Dream Scenario, the fantasy/comedy/horror/sci-fi hybrid, is a perfect example of the kind of independent filmmaking that puts cookie cutter sequels and franchise films to shame. Brought to us by A24 – the same studio that gifted us with the equally outré Best Picture Oscar winner, Everything Everywhere All At Once – Dream Scenario takes a cautionary look at celebrity and cancel culture as it traces the fantastical plight of a nondescript, bespectacled, bald and bearded biology professor named Paul, hilariously brought to life by Nicolas Cage. In an early scene, Paul is shown explaining to his students why evolution had given zebras black and white stripes; it’s so that they can blend in with the herd, because standing out is detrimental to their survival. Little does Paul realize, he’s a zebra that’s about to lose his stripes.
Paul has tenure, an accepting wife, two daughters, and a humdrum yet comfortable existence. That is, until he goes viral after acquaintances and strangers alike begin to inexplicably dream about him. The phenomenon begins benignly with his daughter. Shortly afterwards, Paul starts detecting murmurs among his students and odd stares from strangers. When he runs into an old flame he hasn’t seen in decades, she confesses she’s been having recurring dreams where he suddenly appears on the periphery as an observer. Paul gives her permission to write about her experiences in an article that ends up online, triggering a social media avalanche of people reporting that they too have seen Paul passing through their dreams.
Chronically lacking in self-esteem and craving to be noticed, Paul welcomes the attention, and tries to parlay his newfound celebrity into a book deal after an ingratiating marketing executive, played by Michael Cera, tries to exploit his nocturnal ubiquity for Sprite commercials. But, through no fault of his own, when Paul’s amusingly passive dream cameos suddenly become disturbingly violent, his own personal dream scenario of fame and fortune becomes a living nightmare.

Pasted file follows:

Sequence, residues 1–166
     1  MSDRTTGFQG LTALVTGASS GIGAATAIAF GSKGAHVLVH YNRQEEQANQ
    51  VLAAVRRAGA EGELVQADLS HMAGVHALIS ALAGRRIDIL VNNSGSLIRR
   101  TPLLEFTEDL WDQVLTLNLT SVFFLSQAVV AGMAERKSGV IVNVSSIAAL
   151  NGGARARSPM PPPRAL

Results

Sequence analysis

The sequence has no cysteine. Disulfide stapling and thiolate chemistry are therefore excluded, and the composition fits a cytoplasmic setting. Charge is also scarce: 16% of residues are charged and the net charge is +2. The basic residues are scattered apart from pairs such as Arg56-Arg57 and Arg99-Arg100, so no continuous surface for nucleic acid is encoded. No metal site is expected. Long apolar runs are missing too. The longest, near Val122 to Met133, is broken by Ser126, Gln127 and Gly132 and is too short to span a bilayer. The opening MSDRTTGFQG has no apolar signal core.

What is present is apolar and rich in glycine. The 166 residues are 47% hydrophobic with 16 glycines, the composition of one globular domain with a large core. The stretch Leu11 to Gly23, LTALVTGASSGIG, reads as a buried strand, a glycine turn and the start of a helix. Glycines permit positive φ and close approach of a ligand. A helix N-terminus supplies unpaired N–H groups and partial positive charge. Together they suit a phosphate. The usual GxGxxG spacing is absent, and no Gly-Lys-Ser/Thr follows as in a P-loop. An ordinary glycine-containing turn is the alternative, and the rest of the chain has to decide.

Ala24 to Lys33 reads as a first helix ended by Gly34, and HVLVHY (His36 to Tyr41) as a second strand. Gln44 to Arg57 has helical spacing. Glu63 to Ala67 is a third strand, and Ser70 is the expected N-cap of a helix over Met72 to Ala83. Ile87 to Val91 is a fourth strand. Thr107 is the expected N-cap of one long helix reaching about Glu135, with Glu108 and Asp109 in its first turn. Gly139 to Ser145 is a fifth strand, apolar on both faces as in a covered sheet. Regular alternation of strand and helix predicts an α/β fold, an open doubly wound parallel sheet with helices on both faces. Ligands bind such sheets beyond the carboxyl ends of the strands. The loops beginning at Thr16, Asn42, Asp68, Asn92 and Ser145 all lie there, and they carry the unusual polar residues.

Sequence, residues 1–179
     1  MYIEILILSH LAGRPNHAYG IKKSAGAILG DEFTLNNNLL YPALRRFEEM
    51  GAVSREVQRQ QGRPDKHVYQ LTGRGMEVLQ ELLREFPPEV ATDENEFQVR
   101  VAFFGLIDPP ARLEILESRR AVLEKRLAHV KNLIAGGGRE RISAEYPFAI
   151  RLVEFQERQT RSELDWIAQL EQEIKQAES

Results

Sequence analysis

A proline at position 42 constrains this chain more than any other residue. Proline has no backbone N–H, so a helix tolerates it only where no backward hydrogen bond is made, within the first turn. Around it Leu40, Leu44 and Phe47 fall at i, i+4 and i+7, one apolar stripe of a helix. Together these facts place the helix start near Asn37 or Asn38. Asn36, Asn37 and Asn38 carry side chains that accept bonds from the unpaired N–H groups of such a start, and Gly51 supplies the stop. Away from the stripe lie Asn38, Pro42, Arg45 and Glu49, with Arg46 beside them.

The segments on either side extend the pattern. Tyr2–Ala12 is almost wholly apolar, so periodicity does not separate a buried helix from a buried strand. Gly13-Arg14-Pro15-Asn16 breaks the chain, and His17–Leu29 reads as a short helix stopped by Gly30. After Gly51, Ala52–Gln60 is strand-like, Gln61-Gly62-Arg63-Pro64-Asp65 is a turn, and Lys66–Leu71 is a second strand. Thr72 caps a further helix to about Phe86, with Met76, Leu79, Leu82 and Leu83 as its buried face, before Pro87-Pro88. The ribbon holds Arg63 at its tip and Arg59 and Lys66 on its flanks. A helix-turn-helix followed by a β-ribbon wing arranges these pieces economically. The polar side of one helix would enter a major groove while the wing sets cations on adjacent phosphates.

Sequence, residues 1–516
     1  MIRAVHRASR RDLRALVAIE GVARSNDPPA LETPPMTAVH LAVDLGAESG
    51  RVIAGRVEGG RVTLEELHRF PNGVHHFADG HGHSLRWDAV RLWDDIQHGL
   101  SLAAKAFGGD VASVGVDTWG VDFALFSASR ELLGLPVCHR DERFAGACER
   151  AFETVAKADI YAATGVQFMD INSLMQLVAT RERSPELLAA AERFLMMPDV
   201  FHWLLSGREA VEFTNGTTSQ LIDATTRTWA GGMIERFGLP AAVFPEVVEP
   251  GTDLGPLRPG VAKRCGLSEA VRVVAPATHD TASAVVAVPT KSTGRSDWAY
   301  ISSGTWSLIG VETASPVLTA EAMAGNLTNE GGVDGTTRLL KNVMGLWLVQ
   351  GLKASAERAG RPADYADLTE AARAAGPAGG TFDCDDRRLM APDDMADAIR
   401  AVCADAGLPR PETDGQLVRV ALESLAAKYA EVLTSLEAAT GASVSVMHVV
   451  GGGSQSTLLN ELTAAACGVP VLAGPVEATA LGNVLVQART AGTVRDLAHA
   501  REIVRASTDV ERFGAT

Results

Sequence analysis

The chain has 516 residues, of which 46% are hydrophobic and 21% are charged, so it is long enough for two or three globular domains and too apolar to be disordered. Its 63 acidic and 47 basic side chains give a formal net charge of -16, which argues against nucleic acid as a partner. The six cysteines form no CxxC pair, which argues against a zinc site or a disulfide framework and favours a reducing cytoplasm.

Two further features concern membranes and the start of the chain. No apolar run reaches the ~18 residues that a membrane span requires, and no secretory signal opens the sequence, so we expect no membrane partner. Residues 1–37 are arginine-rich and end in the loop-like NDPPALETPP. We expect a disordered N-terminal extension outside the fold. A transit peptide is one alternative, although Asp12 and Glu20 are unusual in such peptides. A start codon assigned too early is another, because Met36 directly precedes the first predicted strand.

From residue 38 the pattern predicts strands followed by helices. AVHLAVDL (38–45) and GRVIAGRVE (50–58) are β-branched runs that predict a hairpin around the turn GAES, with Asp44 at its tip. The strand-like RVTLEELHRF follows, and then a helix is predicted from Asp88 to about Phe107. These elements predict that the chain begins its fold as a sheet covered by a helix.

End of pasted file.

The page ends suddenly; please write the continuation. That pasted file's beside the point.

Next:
Like most stars in the late stages of their careers, Nicolas Cage occasionally plays a variation of a previous role. In Dream Scenario, there are echoes of Cage’s portrayal of the obsessively insecure screenwriter, Charlie Kaufman, from his 2002 film, Adaptation. As with Adaptation, Cage has created a cringe-inducing character by imbuing Paul with an awkwardness that keeps him socially at arms length, turning him into the kind of guy more likely to be jokingly referenced at a dinner party as opposed to actually being invited. At times, Cage drifts perilously close to parody. But even then, he grounds his performance by conveying the pain of self-loathing with nothing more than a look in his eyes.
Written and Directed by Norwegian filmmaker Kristoffer Borgli, Dream Scenario also recalls the scripts written by Charlie Kaufman, especially 2004’s The Eternal Sunshine of the Spotless Mind. Borgli, who did the editing as well, subtly introduces ambiguity with elliptical structuring, blurring the lines between dreams and reality, especially in one scene featuring a school play. Following the abundant humor in the first half of the film, some might find Borgli’s tonal shift to darker territory off-putting, but I found it to be a bold choice that cleverly subverted expectations. Dream Scenario is a smart and insightful film about human nature, and marks another career high point for Nicolas Cage.
For KSQD’s Film Gang, this is Paul Kanieski
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